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    2. When your baby’s head is not descending into the pelvis

    Your doctor will check if your baby has "dropped," or your baby has moved to the lower part of your abdomen. It can happen within two to four weeks prior to delivery or even during labor. If you don't sense your baby’s head resting just beneath the middle of your pelvic bone, then that may require a C-section, according to Dr. Guinto.  


    3. When your cervix is too small

    "Sometimes the mother's pelvis is not adequate enough to let a baby pass through. For example, if the mother is petite and the baby is big, there are bigger chances the mother may undergo CS," says Dr. Guinto. The same goes when a mom's cervix is normal in size, but the baby is just too big for a normal delivery.

    4. When your baby is in breech position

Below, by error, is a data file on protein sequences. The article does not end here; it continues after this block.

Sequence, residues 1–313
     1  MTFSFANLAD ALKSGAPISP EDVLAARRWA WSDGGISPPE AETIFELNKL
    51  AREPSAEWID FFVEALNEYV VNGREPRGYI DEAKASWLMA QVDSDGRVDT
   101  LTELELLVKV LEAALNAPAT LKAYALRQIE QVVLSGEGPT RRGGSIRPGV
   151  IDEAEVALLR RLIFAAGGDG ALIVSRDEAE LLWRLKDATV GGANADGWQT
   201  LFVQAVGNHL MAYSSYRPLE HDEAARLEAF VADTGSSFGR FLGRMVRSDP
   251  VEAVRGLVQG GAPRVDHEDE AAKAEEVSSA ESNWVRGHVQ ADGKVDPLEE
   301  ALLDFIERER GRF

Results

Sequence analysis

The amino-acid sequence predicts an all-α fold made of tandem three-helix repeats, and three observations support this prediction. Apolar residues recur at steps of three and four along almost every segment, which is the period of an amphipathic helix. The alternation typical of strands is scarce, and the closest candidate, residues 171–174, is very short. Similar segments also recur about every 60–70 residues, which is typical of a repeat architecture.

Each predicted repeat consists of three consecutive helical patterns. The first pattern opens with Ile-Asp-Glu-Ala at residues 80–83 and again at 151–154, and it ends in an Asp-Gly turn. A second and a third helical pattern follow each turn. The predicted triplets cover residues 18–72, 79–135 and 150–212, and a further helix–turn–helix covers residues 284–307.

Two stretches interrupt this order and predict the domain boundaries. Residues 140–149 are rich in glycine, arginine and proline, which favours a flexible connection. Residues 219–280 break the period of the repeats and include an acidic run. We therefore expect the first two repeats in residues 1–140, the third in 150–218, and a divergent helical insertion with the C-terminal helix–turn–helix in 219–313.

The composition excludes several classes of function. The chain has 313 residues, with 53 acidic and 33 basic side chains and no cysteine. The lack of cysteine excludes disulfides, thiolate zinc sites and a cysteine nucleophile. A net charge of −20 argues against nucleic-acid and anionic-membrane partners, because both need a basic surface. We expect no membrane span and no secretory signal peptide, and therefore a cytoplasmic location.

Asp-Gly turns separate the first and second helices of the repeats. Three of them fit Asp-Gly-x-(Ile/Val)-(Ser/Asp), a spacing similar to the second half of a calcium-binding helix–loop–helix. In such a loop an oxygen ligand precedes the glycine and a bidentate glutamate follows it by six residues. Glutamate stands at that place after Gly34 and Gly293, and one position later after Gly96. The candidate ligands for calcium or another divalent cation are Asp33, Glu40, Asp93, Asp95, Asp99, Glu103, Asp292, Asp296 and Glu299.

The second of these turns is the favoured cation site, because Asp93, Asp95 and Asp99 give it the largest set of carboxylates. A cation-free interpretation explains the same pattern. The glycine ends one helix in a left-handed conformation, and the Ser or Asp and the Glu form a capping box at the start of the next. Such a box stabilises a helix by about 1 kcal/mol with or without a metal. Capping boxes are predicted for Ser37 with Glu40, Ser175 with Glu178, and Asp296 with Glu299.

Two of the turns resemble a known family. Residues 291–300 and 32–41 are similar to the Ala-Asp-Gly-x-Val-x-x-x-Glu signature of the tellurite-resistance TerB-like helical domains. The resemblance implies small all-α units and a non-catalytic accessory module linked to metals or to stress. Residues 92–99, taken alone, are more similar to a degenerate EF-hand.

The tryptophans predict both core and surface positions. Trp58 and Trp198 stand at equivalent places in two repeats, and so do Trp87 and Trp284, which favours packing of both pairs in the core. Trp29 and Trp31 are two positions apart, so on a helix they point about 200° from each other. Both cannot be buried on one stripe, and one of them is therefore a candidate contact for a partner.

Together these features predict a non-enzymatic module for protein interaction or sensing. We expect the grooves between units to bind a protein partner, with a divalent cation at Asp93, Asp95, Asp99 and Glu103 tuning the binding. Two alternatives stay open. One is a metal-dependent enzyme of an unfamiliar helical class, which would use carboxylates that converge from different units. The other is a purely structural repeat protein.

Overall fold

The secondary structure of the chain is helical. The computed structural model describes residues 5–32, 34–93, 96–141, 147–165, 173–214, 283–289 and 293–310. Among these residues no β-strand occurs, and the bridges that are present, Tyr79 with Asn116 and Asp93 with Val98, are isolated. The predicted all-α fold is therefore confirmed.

Dr. Guinto says babies in breech position during delivery doesn't automatically call for a CS. However, she emphasizes that CS is the safest way to deliver the baby. "We always want to prevent harm," she emphasizes, as there can be risks in breech vaginal deliveries, such as fractures and nerve injuries. Experienced doctors can also turn the babies in the correct position, but there is a risk of cord coil (the umbilical cord becomes looped around the baby's neck).

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    5. When your baby has cord prolapse

    A cord prolapse happens when your baby’s umbilical cord slips through the cervix before your baby has come out. It is a rare instance, but it is an automatic C-section, as advised by the American Pregnancy Association (APA). The umbilical cord can be trapped against your baby's body inside the womb, putting stress on the cord. When this happens, it can result in loss of oxygen and cause fetal distress. 

    6. When you have placenta issues